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Two Law Alums Honored by Baylor Alumni Association

March 24, 2011

The Baylor Alumni Association honored two Baylor Law School alumni at the organization's inaugural Hall of Fame Ceremony in late January. Chase Palmer, '98, was the recipient of the Herbert H. Reynolds Outstanding Young Alumni Award while Dr. Derek Davis, '73, received the Abner V. McCall Religious Liberty Award.

Palmer is the permanent class president for the Baylor University Class of 1996 and was largely responsible for the spearheading the university's tribute to the Immortal Ten. After graduation from law school, he returned to his hometown of Marshall to practice law with his father in a firm that has been in continual existence since 1948. He is president of the Harrison County Bar Association and a member of the Citizen's Advisory Council, a group of local business leaders, and a member of the board of CASA of Harrison County, court-appointed special advocates who represent children in the judicial system. He is also a member of the board of the only hospital in the county.

Palmer served on the Harrison County Preservation Council, which raised funds to restore the county courthouse; on the board of directors of Marshall Depot, which saved and refurbished the Texas & Pacific Railroad Depot built in 1912; and on the board of a group preserving a historical home site in Marshall. He also is active in Upward Soccer and the Marshall Youth Baseball Association.

Dean of Graduate School at the University of Mary Hardin-Baylor, Davis was former director of Baylor's J. M. Dawson Institute of Church-State Studies and also served as editor, from 1993 to 2006, of the internationally acclaimed Journal of Church and State and as professor of political science.

Davis moved to the University of Mary Hardin-Baylor in 2006 as the dean of the Graduate School and was quickly named the founding dean of the school's new College of Humanities. He is also director of the school's Center for Religious Liberty, founded in 2008.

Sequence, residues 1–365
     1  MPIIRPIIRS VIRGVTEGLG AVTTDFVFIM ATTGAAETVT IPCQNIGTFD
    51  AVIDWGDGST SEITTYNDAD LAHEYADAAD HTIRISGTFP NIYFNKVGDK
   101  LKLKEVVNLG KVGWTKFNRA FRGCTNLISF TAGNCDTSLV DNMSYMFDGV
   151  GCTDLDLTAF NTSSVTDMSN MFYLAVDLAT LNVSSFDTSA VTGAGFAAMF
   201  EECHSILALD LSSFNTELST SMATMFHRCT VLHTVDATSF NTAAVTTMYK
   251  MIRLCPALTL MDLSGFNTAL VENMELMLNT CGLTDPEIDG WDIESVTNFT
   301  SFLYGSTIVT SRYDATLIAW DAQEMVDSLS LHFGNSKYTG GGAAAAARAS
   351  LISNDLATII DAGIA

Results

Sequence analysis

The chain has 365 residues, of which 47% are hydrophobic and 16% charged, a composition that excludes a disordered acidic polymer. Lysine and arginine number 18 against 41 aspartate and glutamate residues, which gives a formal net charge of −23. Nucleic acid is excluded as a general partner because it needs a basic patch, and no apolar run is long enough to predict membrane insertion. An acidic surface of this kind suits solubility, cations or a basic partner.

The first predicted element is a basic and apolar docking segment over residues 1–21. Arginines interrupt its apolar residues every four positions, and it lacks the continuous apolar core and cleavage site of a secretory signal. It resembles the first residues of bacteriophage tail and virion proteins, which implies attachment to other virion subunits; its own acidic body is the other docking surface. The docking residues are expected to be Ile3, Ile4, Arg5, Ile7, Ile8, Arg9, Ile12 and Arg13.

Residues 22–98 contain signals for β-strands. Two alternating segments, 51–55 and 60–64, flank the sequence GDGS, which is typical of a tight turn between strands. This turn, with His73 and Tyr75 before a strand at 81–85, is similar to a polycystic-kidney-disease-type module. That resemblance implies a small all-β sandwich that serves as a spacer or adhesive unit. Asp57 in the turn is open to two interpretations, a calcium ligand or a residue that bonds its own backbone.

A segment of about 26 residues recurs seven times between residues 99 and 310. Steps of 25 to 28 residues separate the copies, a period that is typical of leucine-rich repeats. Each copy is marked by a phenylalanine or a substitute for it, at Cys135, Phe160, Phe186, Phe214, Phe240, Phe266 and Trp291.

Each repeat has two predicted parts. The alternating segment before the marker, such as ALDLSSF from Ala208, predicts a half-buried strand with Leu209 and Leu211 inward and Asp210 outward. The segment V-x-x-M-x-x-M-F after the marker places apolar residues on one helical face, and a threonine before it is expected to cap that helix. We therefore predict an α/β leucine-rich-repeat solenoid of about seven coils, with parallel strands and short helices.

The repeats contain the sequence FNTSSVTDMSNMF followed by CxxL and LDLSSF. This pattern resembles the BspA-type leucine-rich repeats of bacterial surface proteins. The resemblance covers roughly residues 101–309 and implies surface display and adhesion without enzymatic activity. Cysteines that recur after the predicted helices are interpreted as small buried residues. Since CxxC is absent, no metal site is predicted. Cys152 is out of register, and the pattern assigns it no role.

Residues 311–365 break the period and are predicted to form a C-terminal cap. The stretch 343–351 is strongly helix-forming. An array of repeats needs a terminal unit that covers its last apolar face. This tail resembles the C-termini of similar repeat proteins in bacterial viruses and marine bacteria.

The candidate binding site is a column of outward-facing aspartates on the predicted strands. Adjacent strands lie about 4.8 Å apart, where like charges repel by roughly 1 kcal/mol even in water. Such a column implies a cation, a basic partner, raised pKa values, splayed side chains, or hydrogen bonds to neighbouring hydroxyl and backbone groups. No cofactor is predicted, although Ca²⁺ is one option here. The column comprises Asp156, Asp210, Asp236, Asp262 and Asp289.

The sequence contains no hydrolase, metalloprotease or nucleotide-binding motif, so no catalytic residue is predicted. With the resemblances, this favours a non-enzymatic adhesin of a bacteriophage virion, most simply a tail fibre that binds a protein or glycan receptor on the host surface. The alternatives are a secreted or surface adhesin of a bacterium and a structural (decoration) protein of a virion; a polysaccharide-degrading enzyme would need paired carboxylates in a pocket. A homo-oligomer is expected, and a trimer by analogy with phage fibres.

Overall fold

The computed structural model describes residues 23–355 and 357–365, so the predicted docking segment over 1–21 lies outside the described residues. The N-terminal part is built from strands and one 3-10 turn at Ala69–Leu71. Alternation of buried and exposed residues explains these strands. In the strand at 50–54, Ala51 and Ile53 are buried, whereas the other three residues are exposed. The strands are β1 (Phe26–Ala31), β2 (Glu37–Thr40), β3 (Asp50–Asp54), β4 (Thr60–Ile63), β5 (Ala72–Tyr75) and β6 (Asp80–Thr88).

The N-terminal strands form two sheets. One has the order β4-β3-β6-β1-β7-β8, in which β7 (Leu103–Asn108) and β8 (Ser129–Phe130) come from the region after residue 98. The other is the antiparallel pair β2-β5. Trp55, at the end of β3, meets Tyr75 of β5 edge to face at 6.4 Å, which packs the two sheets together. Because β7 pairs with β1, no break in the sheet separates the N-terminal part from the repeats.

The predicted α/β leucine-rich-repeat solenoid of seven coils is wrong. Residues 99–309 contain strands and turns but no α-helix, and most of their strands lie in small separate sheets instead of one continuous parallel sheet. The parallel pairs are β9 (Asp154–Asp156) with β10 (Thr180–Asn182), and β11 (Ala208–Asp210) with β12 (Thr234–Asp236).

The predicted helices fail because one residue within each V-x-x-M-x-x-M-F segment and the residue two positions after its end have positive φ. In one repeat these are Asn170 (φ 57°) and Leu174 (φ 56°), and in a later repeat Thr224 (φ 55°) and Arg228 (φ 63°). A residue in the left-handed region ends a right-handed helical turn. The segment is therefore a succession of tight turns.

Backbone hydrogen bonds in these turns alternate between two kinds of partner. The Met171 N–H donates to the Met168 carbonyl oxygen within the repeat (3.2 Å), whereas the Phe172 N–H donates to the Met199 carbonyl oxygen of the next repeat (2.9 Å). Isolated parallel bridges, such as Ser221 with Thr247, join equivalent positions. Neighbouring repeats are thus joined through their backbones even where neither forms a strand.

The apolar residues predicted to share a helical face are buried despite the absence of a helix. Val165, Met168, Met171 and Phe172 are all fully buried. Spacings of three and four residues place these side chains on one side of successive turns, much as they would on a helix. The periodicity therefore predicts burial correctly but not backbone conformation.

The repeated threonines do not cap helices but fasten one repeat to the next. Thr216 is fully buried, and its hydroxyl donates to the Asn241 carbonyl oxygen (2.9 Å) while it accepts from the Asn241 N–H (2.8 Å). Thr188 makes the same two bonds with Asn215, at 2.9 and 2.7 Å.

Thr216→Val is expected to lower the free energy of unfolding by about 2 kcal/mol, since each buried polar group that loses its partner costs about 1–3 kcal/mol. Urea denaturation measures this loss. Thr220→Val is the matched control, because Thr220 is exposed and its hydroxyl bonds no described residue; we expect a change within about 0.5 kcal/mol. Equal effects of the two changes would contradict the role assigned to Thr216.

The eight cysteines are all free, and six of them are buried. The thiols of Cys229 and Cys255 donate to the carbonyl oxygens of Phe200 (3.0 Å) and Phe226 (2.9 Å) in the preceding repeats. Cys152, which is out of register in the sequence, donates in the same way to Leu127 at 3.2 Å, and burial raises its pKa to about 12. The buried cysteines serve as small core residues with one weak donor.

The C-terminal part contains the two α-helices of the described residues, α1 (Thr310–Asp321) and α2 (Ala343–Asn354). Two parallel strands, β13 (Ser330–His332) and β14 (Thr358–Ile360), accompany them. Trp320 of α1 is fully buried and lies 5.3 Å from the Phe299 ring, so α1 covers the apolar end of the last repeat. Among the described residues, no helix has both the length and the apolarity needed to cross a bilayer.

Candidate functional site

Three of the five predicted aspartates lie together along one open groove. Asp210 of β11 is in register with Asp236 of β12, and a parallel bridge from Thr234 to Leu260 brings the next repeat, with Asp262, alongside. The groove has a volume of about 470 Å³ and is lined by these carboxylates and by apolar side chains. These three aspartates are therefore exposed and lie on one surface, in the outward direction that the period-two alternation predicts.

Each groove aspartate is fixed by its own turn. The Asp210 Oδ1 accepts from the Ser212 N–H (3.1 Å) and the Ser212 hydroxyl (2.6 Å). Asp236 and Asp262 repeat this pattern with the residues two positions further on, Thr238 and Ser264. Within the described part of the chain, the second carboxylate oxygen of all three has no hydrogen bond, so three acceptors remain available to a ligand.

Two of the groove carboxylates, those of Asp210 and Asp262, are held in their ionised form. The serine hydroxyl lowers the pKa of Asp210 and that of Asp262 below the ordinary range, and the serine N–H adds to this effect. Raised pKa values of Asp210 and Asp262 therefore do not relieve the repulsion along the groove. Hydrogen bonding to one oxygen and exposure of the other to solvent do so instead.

Davis earned his undergraduate degree from Baylor in 1972 and his law degree in 1973. As an undergraduate at Baylor, Davis played football; he was freshman captain in 1967 and also team captain and All-SWC in 1970 as a senior. Davis practiced law in Dallas before returning to Baylor to earn a master's in church-state studies in 1988. He earned a doctorate of philosophy in humanities from the University of Texas Dallas in 1993.

Davis is a widely recognized expert on church-state issues. He has testified before the U.S. Congress and the Texas Legislature numerous times and lectured extensively on church-state topics. He has been interviewed by Time, the New York Times, the Washington Post, the Wall Street Journal, and other publications. He has appeared on CNN, NPR, CBS News, ABC News, and 60 Minutes to defend religious liberty.

Davis is the author or co-author of sixteen books, most recently Religion and the Continental Congress, 1774-1789: Contributions to Original Intent, published in 2000. He also wrote Original Intent: Chief Justice Rehnquist and the Course of American Church-State Relations in 1991. He has authored hundreds of articles in various scholarly journals and periodicals on topics including religious freedom in Revolutionary America, the Supreme Court, and First Amendment issues.

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